When I told my parents about the cherry blossom festival, I mentioned how yes I was excited for the flowers and the pictures and crossing it off the bucket list, but that honestly I was more excited for the promised BBQ.
Little did I know that I would be the one making it.
I had walked across a squishy soaked lawn and through a garden with an upright shovel that looked like freshly dug graves in the pitch black night carrying a bag of vegetables and arrived at a pension (a hostel without beds) that wasn’t actually my pension but another one that supposedly had a “kitchen” but it actually only had a portable stove with one can of gasoline, some large bowls and a couple of tongs and knives. Then myself, Silvia, my new Korean friend, a Russian girl, and an Indian guy chopped up the veggies and poured some questionable looking (yet delicious) bulgogi into the pot and just chatted. The food was taken down to the other pension and delivered to the 80 other people who had no idea there were just four kids and a mason burner on the other side of the lawn making it. And yet–it was my favorite moment of the entire trip. We were all trying to make the food “our way” meaning that our cultures were all stirred together in this weird primordial soup.
Like when we found a giant grey bowl in the sink and were like, “hey let’s use this to put the bulgogi in” and when New Korea Friend saw this he straight up laughed out loud telling us that that was the laundry bowl. As in–the one you pour bleach to swish your clothes around because there is no washing machine.
He promptly instagrammed it and tagged all of his friends.
This is the same Korean friend I had chatted with on the 5 hour bus ride about everything from legalizing weed in Colorado to why Sulli really left f(x). That is not hyperbole we actually covered those and the entire spectrum in between. He also joined my friends and I on a vicious two mile hike to the top of a mountain which was supposed to be covered with azaleas but was actually just covered in drunk ahjusshis and fog.
This photo is actually a great representation of the entire trip. After a five hour bus ride, we got stuck in traffic for an hour, so our tour guide–a lost soul who “discovered the joys of walking” and now wears a do-rag and takes foreigners on adventures–declared we were getting off the bus and we commenced walking along the highway for 8 kilometers
across busy intersections and through a tunnel where we emerged, rather dizzy from the carbon dioxide
I was actually grateful for the traffic because that’s the only time I got actual pictures of blossoms on trees.
The bus didn’t catch up with us for another three hours, after we had arrived at the festival, which turned out to be a bunch of carnival games and street food covered in tarps that dropped bucket loads of water if bumped accidentally. That’s because it was pouring rain from the moment we reached the festival till late into the night.
Meaning that virtually all of the blossoms had fallen on to the ground. Which provided some interesting photos.
As it approached dusk we learned that bus 3 still hadn’t arrived. For reasons not entirely understood, they were on the bus for 15 hours. But we were done and decided to look for a coffee shop and something warm. Along with everyone else. We popped into 7 shops–no joke–and were turned away like Mary at the inn. We finally found a hospital, where people were pretending to have ailments so they could sit in the waiting room, and there was a little shop and the guy let us come sit because we “were cute.”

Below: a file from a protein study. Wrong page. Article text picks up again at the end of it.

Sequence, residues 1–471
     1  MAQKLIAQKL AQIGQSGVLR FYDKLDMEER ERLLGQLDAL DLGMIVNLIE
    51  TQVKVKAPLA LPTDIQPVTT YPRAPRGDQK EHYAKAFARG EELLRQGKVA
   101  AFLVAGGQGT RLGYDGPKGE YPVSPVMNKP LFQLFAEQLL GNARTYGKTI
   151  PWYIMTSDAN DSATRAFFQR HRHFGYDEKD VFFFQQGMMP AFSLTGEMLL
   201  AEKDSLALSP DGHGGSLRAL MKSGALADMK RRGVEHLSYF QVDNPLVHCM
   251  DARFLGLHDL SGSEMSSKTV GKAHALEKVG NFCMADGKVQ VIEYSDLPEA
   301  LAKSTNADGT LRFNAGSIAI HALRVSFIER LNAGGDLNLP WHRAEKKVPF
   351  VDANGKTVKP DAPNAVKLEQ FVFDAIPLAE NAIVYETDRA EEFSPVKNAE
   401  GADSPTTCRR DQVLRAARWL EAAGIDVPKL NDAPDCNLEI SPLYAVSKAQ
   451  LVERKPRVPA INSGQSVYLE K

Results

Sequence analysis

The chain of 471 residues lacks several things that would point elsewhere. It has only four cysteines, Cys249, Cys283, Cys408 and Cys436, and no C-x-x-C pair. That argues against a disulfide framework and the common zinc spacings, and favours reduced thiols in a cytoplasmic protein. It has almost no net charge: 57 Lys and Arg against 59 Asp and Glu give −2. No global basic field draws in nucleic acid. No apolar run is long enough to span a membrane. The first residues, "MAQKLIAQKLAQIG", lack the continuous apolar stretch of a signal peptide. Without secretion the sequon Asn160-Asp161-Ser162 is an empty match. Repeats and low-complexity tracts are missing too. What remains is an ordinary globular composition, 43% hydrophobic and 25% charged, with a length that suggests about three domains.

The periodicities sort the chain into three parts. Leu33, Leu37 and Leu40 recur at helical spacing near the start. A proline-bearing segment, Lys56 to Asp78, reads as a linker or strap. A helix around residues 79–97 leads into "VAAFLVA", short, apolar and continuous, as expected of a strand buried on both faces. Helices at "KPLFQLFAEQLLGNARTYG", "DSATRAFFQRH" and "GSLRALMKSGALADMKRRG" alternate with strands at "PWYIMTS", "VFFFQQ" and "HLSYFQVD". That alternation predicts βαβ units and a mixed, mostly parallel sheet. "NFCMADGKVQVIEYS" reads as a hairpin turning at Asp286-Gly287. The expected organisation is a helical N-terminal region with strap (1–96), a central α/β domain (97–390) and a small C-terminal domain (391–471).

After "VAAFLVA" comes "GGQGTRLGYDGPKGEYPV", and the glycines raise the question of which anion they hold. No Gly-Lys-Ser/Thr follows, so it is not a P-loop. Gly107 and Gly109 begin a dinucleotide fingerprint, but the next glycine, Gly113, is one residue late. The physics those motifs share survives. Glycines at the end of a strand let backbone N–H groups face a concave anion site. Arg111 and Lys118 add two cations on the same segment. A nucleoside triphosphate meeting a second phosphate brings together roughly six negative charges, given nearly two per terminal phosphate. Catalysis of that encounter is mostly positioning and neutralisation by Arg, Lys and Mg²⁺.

We sat there ordering drinks until it was time to meet Do-rag at the bus. We went on a windy bus ride across the ocean to a forsaken island and got to our pension around 11pm and everyone just wanted to eat and sleep and that’s when a little cultural microcosm ended up making dinner.
On to day two–where we got back onto the bus after 4 hours of sleep and some boiled sweet potatoes were dropped off at a pretty bay
We had three hours here and the weather wasn’t exactly Hawaiian so we decided to go into this “Theme Museum” which had creepy Disney music echoing through an empty parking lot.
The scene got increasingly uncomfortable the closer we got yet we kept going
The lobby had one woman cranking a popcorn machine who took our tickets and sent us on our way through what could pass for a Korean cultural history museum if it weren’t for the anachronisms
It was just a shadowbox of rooms ranging from an 1800s school house, to a room with victorian dresses and a giant throne, to a room with wax figures of Batman and R2D2.
I came out of that museum a different person and I’m not entirely sure it was in a good way. But no time to ponder. Back on to the bus and to the aforementioned mountain which turned out to be much more difficult than I expected, especially since it was mainly muddy switchbacks at the top to be met by hundreds of tipsy Asians who may or may not have asked to take pictures with me and a whole valley of fog.
And then a 6 hour bus ride home!
While this trip was nothing like I had pictured, I certainly learned a lot and met a lot of people, which will come up in later posts at another time as they relate to the topic.
But I think the most important thing I learned–marinated bulgogi can be bought by the pound at the grocery store. And only takes a few minutes to fry up.
Good bye rice and curry packets. Hello BBQ.